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Re: [PATCH] hamt: New module.

From: Bruno Haible
Subject: Re: [PATCH] hamt: New module.
Date: Sat, 03 Apr 2021 21:55:45 +0200
User-agent: KMail/5.1.3 (Linux/4.4.0-206-generic; KDE/5.18.0; x86_64; ; )

Hi Marc,

> what do you think of the attempt attached below?

I believe that technical documentation of a feature should be written
to answer the questions in this order:
  1. What is it? (Short summary)
  2. When would I use it? (Use cases)
  3. How do I use it?
  4. Further details.

The idea is to get the reader understand rapidly whether they want to
use the feature or not. That is the purpose of parts 1 and 2.

For part 1:

> +The @code{hamt} module provides a persistant version of persistent hash
> +array mapped tries (HAMTs).

"A persistant version of persistent ..." ?

The term "persistent" is only explained much later.

> A HAMT is an array mapped trie in which
> +elements are stored according to the initial bits of their hash values.

This is a technical detail, to be mentioned later.

I would start in a different way. How about this?

  The @code{hamt} module implements the hash array mapped trie (HAMT)
  data structure.  This is a data structure that contains (key, value)
  pairs (or just plain keys, if no value is needed).  Lookup of a
  (key, value) pair given the key is an O(1) operation, assuming a
  good hash function for the keys is employed.

  The HAMT data structure is useful when you want modifications
  (additions of pairs, removal, value changes) to be visible only to
  some part of your program, whereas other parts of the program
  continue to use the unmodified HAMT.  The HAMT makes this possible
  in a space-efficient manner: the modified and the unmodified HAMT
  share most of their allocated memory.  It is also time-efficient:
  Every such modification is O(1) on average, again assuming a good
  hash function for the keys

For part 2:

> +A HAMT can be used whenever an ordinary hash table would be used.  It
> +does however, provide non-destructive updating operations without the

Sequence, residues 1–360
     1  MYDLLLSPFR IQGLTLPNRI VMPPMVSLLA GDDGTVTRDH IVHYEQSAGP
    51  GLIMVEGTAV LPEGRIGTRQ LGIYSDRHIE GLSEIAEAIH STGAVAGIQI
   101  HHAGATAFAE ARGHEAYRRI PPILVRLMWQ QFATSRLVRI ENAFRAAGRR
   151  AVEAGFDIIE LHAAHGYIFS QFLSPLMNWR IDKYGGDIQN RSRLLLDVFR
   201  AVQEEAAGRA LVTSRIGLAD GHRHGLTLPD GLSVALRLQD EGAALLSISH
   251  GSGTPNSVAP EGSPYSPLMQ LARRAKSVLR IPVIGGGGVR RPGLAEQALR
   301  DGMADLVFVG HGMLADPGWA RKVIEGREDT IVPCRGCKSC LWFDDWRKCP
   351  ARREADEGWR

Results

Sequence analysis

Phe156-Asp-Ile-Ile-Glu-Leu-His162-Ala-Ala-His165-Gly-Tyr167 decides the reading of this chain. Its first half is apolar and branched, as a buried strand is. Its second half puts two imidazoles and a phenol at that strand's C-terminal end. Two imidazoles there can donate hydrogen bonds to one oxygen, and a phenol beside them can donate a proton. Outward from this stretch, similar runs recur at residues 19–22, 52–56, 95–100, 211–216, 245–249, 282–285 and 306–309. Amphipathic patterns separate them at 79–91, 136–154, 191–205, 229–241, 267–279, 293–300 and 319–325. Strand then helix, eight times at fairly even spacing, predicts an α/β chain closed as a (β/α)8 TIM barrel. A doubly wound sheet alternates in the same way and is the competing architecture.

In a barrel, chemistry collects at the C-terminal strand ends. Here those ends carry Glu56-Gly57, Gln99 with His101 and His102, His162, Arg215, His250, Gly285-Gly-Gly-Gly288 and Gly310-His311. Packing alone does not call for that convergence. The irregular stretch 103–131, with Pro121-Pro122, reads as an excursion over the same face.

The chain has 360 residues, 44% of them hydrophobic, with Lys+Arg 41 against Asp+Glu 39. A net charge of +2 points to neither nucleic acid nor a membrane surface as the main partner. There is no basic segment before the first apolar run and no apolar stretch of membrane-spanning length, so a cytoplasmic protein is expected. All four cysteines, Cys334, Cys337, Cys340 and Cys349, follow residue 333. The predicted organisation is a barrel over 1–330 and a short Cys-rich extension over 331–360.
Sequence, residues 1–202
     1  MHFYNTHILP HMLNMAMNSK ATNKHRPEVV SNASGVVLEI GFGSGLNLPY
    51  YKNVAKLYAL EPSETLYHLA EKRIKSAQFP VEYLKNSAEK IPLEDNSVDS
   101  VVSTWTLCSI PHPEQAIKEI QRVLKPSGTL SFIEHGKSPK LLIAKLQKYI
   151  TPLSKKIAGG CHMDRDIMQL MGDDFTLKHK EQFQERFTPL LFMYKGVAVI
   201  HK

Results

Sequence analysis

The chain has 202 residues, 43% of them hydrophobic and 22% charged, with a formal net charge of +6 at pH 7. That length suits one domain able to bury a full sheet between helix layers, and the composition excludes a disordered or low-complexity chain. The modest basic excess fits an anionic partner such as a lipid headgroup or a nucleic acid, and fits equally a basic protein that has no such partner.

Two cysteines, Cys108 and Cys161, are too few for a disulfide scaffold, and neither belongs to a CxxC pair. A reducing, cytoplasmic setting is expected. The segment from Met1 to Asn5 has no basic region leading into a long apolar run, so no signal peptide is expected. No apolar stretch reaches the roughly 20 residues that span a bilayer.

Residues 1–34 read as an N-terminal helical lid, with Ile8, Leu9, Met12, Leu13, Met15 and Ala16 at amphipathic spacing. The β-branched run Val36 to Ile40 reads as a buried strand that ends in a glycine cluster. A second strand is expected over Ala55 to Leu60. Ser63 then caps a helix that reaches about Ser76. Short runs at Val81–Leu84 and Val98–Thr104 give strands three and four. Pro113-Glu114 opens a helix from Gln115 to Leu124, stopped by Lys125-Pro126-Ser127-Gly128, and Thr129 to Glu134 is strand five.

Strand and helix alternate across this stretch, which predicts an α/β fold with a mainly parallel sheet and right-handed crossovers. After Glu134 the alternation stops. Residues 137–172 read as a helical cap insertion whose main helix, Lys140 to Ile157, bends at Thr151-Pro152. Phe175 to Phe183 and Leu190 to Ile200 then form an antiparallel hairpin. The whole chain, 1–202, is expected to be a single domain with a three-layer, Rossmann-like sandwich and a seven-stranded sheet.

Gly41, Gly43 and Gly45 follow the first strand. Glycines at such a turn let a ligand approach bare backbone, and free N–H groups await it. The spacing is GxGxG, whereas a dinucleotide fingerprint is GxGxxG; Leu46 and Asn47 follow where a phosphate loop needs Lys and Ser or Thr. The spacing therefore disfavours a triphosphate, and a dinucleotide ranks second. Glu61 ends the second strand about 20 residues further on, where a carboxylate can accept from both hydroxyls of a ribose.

> +need to copy the whole container  On the other hand, a hash table is
> +simpler so that its performance may be better when persistence is not
> +needed.
> +
> +For example, a HAMT can be used to model the dynamic environment in a
> +LISP interpreter.  Updating a value in the dynamic environment of one
> +continuation frame would not modify values in earlier frames.

This is good; this should come right after part 1.

Now part 3, right after part 2:

> +To use the module, include @code{hamt.h} in your code.  The public
> +interface is documented in that header file.


And the rest are details that can come after part 3:

> +In the current implementation, each inner node of the HAMT can store up
> +to @math{32 = 2^5} elements and subtries.  Whenever a collision between
> +the initial bits of the hash values of two elements happens, the next
> +@math{5} bits of the hash values are examined and the two elements
> +pushed down one level in the trie.
> +
> +HAMTs have the same average access times as hash tables but grow and
> +shrink dynamically, so they use memory more economically and do not have
> +to be periodically resized.
> +
> +They were described and analyzed in @cite{Phil Bagwell (2000). Ideal
> +   Hash Trees (Report). Infoscience Department, École Polytechnique
> +   Fédérale de Lausanne.}
> +
> +HAMTs are well-suited to a persistent data structure, which means that
> +each updating operation (like inserting, replacing, or removing an
> +element) returns a new HAMT while leaving the original one intact.  This
> +is achieved through structure sharing, which is even safe in the
> +presence of multiple threads when the used C compiler supports atomics.
> +

By the way, I just starred at the Hamt_entry struct and wondered how to
make use of it. The test class shows it. How about extending the comment
a bit:

   Each element has to be a
   struct whose initial member is of the type Hamt_entry.
   Each element has to be a
   struct whose initial member is of the type Hamt_entry.  You need to
   define this struct yourself.  It will typically contain a
   Hamt_entry, a key, and optionally a value.


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